The Department of Computer Science offers courses leading to the MS and PhD degrees. The program offers instruction in the fundamental principles, design and applications of computer systems and computer technologies.
Students who obtain a Master's of Science in Computer Science are qualified to do significant development work in the computer industry or important application areas. Those who receive a doctoral degree are in a position to hold faculty appointments and do research and development work at the forefront of this rapidly changing and expanding field. Additionally, the department offers a Masters of Science in Information Systems in collaboration with the Stern School of Business. The emphasis in the MS in Information Systems program is on the use of computer systems in business. The Master of Science in Scientific Computing, just established by the Mathematics and Computer Science Departments, is designed to provide broad training in areas related to scientific computing using modern computing technology and mathematical modeling arising in various applications.
Established in 1969 as part of the Courant Institute of Mathematical Sciences, the department has experienced substantial growth in its faculty, student body, research staff, and funding. Research areas include algorithmics, computational geometry, high-level programming languages, compilers and compiler optimization techniques, parallel and distributed computing, design of computer systems, databases, artificial intelligence, natural language processing, graphics, multimedia, computer vision, mathematical programming, numerical analysis, computational biology and computational finance.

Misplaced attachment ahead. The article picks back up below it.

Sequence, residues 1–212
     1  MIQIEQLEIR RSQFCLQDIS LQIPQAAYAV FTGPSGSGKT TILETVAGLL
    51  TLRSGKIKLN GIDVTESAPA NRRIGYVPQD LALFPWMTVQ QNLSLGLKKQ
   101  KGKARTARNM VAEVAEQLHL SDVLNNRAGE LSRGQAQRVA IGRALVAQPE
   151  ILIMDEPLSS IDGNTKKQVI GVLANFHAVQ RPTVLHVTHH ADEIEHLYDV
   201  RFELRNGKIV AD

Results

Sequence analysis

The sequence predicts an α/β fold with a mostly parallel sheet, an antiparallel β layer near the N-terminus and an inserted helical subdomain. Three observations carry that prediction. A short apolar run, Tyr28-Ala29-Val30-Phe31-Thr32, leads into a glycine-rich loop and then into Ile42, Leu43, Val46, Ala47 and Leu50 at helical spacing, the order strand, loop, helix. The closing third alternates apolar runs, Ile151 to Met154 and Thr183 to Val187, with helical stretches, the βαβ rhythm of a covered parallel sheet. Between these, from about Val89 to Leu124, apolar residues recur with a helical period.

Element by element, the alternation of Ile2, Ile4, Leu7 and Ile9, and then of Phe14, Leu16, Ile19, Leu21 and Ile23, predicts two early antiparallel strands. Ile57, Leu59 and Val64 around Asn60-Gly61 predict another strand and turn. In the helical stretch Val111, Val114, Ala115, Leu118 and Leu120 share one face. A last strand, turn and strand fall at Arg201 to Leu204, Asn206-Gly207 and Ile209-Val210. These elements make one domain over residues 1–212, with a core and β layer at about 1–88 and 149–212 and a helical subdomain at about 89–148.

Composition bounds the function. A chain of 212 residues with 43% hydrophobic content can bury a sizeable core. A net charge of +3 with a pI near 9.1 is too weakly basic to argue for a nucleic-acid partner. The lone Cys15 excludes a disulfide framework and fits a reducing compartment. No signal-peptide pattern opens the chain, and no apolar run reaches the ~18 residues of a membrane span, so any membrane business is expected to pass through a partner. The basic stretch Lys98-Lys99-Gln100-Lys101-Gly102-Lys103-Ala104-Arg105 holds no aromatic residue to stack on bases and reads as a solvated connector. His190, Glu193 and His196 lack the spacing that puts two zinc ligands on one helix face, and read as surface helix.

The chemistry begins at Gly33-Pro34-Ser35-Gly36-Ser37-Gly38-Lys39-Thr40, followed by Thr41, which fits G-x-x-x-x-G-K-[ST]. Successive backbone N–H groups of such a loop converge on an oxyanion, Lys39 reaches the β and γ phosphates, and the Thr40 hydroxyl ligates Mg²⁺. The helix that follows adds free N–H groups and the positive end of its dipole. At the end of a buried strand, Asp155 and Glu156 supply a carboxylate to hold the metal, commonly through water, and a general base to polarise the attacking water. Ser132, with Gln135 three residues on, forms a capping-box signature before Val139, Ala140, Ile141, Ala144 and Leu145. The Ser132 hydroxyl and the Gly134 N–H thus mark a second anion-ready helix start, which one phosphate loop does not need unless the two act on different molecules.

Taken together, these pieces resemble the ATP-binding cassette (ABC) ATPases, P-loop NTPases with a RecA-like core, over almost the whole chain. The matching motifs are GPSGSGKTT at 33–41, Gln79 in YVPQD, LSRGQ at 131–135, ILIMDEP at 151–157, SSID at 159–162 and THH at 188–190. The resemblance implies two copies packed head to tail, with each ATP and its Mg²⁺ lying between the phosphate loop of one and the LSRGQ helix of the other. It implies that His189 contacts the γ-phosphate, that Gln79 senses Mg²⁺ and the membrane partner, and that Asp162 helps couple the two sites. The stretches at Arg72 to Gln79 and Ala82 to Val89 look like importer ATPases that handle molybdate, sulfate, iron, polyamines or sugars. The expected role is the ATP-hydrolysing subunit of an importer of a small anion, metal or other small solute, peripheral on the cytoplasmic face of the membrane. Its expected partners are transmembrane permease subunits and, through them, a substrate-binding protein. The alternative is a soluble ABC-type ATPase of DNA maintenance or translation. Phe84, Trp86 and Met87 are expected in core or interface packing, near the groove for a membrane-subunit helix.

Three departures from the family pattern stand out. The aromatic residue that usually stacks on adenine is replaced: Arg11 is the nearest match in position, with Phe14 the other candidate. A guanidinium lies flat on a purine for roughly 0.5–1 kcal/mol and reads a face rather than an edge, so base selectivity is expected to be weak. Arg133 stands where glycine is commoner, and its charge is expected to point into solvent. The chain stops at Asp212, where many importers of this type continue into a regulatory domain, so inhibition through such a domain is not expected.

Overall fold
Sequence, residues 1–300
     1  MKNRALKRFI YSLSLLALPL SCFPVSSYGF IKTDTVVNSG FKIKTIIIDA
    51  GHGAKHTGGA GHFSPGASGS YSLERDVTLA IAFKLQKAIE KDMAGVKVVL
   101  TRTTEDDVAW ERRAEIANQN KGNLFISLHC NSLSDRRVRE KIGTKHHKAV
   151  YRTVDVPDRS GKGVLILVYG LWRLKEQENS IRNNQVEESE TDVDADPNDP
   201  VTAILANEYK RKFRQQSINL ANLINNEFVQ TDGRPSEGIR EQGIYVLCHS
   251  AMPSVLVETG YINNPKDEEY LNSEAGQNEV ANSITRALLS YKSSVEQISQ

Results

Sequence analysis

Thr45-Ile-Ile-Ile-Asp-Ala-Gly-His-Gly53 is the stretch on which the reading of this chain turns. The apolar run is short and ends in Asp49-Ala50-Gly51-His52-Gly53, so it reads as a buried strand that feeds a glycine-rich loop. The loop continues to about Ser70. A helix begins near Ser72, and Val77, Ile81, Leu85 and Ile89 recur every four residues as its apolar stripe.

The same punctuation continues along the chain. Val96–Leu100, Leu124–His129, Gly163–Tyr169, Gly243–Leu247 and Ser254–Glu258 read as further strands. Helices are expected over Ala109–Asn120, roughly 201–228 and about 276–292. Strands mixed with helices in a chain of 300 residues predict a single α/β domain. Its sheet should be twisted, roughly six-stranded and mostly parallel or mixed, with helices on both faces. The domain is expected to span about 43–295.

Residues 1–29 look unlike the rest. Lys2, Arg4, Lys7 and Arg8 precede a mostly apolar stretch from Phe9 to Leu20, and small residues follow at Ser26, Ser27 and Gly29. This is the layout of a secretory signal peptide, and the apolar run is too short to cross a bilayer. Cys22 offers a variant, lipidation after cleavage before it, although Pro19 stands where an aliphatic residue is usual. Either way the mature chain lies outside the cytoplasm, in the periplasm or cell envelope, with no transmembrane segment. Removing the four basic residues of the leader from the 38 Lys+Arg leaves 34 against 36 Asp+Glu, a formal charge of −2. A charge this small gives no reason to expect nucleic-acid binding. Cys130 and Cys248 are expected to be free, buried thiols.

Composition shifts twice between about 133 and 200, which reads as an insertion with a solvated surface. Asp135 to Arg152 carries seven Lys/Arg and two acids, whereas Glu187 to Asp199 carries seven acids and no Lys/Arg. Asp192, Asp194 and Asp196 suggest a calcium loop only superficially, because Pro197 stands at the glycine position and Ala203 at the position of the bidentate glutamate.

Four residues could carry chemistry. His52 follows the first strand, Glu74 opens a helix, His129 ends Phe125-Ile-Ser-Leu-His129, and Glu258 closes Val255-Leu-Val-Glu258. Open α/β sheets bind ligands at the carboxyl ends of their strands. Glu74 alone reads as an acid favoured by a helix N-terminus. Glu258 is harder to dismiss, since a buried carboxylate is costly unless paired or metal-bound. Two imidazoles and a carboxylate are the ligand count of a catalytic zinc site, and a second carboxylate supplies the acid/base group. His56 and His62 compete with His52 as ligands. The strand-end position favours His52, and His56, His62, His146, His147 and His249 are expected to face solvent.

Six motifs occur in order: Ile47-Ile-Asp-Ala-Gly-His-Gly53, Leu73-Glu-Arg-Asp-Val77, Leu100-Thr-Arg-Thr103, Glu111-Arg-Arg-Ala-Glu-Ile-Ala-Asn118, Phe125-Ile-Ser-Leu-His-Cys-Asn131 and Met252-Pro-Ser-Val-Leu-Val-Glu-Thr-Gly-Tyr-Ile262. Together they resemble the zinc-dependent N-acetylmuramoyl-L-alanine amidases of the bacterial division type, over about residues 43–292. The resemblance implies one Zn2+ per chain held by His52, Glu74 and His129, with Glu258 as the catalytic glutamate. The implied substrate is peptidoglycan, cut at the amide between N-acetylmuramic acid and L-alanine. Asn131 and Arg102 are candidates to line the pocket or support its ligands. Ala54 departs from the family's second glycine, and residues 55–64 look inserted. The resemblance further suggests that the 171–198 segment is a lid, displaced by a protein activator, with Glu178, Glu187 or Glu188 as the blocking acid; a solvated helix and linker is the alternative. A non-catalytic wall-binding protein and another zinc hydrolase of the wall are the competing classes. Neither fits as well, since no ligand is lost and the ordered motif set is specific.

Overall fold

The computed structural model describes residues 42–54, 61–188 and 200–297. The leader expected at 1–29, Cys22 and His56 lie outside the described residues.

The core of the curriculum consists of courses in algorithms, programming languages, compilers, artificial intelligence, database systems, and operating systems. Advanced courses are offered in many areas such as natural language processing, the theory of computation, computer vision, software engineering, compiler optimization techniques, computer graphics, distributed computing, multimedia, networks, cryptography and security, groupware and computational finance. Adjunct faculty, drawn from outside academia, teach special topics courses in their areas of expertise.
The primary facility for graduate educational and research computing is a network of several hundred workstations. In addition, individual research groups have their own hardware resources including Silicon Graphics workstations, MacIntoshes, IBMs, DECs and HPs. Access to the Internet is provided through a T3 connection.
Each supported doctoral student has access to his or her own dedicated Unix workstation. Many other research machines provide for abundant access to a variety of computer architectures, including a distributed computing laboratory comprising 16 Sparc 5s and 16 Pentium PCs.